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Title:The dynamics of corruption control and human rights enforcement in Uganda: the case of the Inspector General of Government
Author:Oloka-Onyango, J.ISNI
Periodical:The African Review: A Journal of African Politics, Development and International Affairs (ISSN 0856-0056)
Notes:biblio. refs.
Geographic terms:Uganda
East Africa
Subjects:human rights
Uganda. Inspector General of Government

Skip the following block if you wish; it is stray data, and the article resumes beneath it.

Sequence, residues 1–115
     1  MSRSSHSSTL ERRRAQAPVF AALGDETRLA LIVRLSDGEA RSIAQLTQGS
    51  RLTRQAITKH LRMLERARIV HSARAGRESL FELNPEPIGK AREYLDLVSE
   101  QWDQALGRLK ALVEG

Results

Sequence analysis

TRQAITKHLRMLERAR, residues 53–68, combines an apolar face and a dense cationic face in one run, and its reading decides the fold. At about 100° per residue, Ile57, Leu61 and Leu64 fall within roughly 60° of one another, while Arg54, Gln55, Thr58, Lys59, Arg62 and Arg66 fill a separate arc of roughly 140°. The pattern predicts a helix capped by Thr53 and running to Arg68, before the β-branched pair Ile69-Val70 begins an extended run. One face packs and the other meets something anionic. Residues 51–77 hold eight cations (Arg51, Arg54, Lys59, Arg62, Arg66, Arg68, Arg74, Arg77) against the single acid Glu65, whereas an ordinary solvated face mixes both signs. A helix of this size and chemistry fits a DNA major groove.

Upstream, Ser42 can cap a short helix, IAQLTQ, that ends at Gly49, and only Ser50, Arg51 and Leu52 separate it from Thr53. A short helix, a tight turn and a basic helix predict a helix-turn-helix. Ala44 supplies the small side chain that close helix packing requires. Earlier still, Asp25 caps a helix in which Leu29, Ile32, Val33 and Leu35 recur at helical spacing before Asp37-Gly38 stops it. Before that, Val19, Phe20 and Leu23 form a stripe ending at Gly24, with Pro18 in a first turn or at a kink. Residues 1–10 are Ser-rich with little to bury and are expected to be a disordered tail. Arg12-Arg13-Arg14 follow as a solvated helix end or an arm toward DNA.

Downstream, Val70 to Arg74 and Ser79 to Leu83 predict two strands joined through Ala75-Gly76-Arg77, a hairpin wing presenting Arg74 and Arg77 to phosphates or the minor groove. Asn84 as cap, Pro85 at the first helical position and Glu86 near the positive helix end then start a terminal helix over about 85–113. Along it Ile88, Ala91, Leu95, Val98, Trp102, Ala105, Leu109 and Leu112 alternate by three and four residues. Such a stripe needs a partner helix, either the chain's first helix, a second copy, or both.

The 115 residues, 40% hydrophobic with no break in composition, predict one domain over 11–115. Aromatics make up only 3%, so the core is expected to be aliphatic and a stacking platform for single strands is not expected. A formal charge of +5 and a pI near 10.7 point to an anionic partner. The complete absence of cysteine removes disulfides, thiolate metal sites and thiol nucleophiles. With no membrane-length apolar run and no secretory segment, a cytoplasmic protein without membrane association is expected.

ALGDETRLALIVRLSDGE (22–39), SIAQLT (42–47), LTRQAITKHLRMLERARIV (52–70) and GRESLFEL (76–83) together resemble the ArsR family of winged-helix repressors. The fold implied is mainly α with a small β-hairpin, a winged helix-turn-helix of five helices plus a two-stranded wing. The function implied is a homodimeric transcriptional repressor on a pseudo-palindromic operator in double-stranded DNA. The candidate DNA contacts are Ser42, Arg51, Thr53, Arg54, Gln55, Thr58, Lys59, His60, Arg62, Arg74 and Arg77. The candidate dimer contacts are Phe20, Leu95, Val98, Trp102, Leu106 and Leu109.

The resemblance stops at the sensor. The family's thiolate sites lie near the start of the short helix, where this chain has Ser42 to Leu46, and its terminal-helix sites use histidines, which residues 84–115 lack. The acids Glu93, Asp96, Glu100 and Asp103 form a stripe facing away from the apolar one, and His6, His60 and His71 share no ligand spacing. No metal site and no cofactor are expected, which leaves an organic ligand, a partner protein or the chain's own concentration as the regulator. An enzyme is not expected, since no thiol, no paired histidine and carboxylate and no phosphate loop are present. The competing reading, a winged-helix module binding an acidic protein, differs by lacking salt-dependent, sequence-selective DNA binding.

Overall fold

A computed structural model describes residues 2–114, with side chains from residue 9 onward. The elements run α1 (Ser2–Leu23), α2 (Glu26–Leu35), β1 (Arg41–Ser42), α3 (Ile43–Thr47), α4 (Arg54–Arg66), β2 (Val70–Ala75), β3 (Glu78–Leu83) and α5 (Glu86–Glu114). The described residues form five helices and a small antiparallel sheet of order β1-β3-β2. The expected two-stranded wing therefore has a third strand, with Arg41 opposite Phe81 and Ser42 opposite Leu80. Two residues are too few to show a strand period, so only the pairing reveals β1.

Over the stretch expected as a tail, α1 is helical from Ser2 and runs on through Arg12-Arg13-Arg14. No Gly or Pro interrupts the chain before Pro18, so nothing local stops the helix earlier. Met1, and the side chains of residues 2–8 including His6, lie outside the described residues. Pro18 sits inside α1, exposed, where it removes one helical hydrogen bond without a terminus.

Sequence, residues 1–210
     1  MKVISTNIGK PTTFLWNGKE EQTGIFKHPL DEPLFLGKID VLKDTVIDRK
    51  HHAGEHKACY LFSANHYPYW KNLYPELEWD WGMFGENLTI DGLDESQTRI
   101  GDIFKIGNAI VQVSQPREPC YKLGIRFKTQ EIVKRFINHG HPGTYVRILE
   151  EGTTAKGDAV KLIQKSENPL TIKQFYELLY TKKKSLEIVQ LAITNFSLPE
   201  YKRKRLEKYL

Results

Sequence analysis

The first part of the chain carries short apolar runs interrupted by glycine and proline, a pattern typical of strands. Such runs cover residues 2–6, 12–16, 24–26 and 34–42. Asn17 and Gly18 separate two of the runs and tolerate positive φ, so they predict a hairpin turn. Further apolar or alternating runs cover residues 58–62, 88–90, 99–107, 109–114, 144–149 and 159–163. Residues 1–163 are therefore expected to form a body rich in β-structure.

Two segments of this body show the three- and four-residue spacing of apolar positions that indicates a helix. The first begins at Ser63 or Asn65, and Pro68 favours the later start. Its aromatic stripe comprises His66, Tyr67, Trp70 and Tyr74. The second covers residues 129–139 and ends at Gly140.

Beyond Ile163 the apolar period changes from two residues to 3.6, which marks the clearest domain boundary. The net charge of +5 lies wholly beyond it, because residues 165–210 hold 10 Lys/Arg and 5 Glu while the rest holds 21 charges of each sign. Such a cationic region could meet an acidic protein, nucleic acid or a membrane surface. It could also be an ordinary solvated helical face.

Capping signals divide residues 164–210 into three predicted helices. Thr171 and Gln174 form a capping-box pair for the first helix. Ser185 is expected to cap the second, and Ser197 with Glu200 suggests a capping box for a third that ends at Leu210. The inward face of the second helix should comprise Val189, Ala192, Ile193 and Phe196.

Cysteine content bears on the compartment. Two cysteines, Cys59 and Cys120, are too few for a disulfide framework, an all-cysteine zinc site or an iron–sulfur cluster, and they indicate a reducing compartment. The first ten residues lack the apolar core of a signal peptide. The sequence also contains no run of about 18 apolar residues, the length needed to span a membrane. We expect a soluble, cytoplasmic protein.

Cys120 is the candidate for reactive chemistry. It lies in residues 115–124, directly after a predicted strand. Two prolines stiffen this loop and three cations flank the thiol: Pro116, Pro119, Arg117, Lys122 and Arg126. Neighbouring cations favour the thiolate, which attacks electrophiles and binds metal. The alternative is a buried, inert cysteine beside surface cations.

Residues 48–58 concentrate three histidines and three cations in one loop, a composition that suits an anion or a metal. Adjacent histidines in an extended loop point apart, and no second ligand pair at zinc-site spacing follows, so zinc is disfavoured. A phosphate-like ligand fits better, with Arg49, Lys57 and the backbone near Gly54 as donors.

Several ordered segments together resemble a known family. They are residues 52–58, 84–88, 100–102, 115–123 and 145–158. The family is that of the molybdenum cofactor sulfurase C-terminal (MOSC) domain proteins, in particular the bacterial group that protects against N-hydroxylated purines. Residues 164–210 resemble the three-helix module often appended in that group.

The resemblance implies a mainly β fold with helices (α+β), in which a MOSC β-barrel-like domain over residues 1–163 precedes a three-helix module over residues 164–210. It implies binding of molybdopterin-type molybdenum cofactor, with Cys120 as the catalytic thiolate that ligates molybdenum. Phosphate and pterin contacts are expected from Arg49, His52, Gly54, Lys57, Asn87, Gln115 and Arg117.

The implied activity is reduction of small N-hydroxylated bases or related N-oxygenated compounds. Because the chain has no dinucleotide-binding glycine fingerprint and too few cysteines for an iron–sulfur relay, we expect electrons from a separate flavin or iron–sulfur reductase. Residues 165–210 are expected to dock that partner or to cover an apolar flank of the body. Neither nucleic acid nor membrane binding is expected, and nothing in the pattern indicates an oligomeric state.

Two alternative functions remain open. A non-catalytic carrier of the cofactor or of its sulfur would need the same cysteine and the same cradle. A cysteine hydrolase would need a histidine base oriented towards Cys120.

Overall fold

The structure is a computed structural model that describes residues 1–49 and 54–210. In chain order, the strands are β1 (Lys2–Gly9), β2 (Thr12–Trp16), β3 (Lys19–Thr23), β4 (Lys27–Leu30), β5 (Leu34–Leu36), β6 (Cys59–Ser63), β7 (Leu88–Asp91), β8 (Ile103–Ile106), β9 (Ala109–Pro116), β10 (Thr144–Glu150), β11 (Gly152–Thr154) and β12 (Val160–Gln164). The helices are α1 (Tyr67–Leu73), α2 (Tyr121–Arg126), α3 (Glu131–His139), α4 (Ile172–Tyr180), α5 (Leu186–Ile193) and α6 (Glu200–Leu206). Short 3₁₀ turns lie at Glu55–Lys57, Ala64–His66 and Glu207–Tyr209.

Abstract:The Inspector General of Government (IGG) in Uganda is designed to address both social and economic reconstruction, reform and accountability within the government, and to ensure the protection, enhancement and institutionalization of respect for civil and political freedoms for the population at large. The author describes the background, origins and general functioning of the IGG's office. He looks at the cases handled by the office so far and comments on the factors that influenced their adoption. He also reviews the key functions of the IGG's office and examines the modus operandi employed by the office in the execution of its duties. The author concludes that it is factors outside of the IGG statute which determine the institution's mode of operation. These extend from the absence of any form of power beyond the recommendatory (and to the executive at that), to the failure to provide for a mechanism by which the IGG is empowered to review laws of questionable constitutional legitimacy. It also explains why the IGG has so far failed to make any inroads on the question of human rights, and has all but abdicated responsibility for the censure of the military. Bibliogr., notes, ref. (Also published in: East African Journal of Peace & Human Rights, vol. 1, no. 1 (1993), p. 23-51.)